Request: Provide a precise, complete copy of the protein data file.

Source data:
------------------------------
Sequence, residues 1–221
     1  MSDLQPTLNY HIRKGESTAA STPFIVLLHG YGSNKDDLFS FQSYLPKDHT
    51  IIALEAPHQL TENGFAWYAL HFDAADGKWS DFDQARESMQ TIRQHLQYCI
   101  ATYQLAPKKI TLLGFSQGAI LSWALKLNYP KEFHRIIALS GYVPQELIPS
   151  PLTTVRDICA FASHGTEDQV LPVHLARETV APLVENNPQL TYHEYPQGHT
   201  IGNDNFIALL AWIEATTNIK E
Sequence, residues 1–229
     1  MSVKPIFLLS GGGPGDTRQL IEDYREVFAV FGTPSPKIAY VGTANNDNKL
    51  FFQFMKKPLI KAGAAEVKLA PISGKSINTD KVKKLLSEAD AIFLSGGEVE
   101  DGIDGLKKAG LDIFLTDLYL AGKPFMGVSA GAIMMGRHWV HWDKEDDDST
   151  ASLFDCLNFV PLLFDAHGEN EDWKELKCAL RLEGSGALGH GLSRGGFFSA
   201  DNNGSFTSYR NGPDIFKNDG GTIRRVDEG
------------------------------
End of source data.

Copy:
Sequence, residues 1–221
     1  MSDLQPTLNY HIRKGESTAA STPFIVLLHG YGSNKDDLFS FQSYLPKDHT
    51  IIALEAPHQL TENGFAWYAL HFDAADGKWS DFDQARESMQ TIRQHLQYCI
   101  ATYQLAPKKI TLLGFSQGAI LSWALKLNYP KEFHRIIALS GYVPQELIPS
   151  PLTTVRDICA FASHGTEDQV LPVHLARETV APLVENNPQL TYHEYPQGHT
   201  IGNDNFIALL AWIEATTNIK E
Sequence, residues 1–229
     1  MSVKPIFLLS GGGPGDTRQL IEDYREVFAV FGTPSPKIAY VGTANNDNKL
    51  FFQFMKKPLI KAGAAEVKLA PISGKSINTD KVKKLLSEAD AIFLSGGEVE
   101  DGIDGLKKAG LDIFLTDLYL AGKPFMGVSA GAIMMGRHWV HWDKEDDDST
   151  ASLFDCLNFV PLLFDAHGEN EDWKELKCAL RLEGSGALGH GLSRGGFFSA
   201  DNNGSFTSYR NGPDIFKNDG GTIRRVDEG